Trident

I want a world in which there are no nuclear weapons and no-one wants to be in the position of having to contemplate their use. We all know from Hiroshima and Nagasaki about their terrible destructive power.

The question is this: how do we create such a world? I believe strongly in nuclear disarmament, but it has to come through multilateral negotiation and not unilateral disarmament. Patient negotiation has, after all, been how the world has dramatically reduced the number of nuclear warheads in the last 35 years and the Nuclear Non-Proliferation Treaty has played an important part in preventing the further spread of these weapons. There is also no prospect that, if we did abandon our deterrent, other nuclear weapon states or those seeking to acquire them would be persuaded to give up theirs.

On nuclear deterrence, the evidence since the end of the Second World War is that it has worked, and every Labour Prime Minister since Clement Attlee has supported the maintenance of our nuclear deterrent. Others, most famously Nye Bevan, changed their mind on the issue and came to oppose unilateralism.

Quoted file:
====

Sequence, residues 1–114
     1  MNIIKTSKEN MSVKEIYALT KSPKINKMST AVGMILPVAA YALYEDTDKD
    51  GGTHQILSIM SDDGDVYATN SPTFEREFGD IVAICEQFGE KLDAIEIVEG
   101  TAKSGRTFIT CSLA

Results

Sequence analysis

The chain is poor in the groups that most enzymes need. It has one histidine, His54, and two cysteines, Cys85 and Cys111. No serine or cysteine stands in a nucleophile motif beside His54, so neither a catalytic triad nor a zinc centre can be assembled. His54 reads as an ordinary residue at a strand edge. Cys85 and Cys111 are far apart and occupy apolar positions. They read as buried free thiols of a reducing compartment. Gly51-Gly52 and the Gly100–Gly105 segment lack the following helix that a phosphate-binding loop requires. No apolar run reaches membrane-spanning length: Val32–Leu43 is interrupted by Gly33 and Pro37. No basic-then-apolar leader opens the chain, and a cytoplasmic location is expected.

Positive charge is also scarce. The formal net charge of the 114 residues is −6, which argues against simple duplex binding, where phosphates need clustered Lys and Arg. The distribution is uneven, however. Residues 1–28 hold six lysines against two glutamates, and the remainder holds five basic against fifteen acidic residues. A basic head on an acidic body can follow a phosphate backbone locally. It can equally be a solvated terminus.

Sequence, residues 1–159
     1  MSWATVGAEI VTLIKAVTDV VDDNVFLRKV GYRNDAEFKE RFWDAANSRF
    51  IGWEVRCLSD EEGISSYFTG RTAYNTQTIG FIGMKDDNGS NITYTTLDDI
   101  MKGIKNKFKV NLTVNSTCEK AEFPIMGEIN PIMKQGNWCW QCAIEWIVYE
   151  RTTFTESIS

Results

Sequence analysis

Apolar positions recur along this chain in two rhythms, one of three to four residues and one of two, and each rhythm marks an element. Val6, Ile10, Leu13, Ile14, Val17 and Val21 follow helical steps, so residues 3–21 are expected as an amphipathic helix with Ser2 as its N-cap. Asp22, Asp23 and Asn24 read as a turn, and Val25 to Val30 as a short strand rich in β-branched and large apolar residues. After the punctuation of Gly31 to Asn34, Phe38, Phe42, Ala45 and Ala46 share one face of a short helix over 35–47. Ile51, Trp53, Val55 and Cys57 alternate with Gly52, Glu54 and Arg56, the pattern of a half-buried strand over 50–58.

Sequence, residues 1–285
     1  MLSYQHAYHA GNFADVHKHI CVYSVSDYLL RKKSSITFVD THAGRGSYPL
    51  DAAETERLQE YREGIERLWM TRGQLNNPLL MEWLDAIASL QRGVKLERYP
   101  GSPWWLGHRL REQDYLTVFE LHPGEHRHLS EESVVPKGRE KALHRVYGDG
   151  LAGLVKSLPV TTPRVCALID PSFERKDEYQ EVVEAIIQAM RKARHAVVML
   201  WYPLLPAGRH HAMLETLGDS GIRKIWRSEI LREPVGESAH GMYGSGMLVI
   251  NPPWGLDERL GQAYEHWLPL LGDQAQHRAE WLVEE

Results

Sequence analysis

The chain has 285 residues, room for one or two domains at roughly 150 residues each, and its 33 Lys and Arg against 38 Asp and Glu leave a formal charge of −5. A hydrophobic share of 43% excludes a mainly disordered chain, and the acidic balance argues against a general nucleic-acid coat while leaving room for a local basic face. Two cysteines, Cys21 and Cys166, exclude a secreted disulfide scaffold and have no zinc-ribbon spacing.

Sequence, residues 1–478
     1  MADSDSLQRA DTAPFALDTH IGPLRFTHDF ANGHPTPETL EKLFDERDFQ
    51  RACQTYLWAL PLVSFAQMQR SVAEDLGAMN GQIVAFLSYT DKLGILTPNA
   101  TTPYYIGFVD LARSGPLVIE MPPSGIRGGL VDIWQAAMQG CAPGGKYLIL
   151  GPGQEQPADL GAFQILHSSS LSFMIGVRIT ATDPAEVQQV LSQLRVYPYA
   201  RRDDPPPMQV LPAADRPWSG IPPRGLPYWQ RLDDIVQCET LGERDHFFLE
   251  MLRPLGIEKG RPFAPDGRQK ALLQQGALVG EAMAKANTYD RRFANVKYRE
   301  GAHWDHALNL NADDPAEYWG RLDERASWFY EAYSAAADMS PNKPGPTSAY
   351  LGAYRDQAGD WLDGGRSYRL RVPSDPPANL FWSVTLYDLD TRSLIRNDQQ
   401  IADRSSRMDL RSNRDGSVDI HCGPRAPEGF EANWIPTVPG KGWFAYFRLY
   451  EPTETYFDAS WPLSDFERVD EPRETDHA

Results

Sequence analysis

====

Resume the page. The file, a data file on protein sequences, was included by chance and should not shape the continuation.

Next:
Although some threats may now have diminished, in the still dangerous world in which we live we would be taking a risk if we unilaterally gave up our deterrent.  Can we be absolutely sure about the threats we may face in 10, 20 or 30 years’ time?

Having said all this, and recognising that Labour’s manifesto at the last election committed us to maintain the deterrent, there will now be a debate about the future of our defence policy, including Trident replacement, and it will be for Conference ultimately to decide how to reconcile conflicting opinions within the Party. I recognise that this is an argument which is balanced and I greatly respect those people, like Jeremy Corbyn, who have come to a different conclusion.

 

Rt Hon Hilary Benn
MP for Leeds Central

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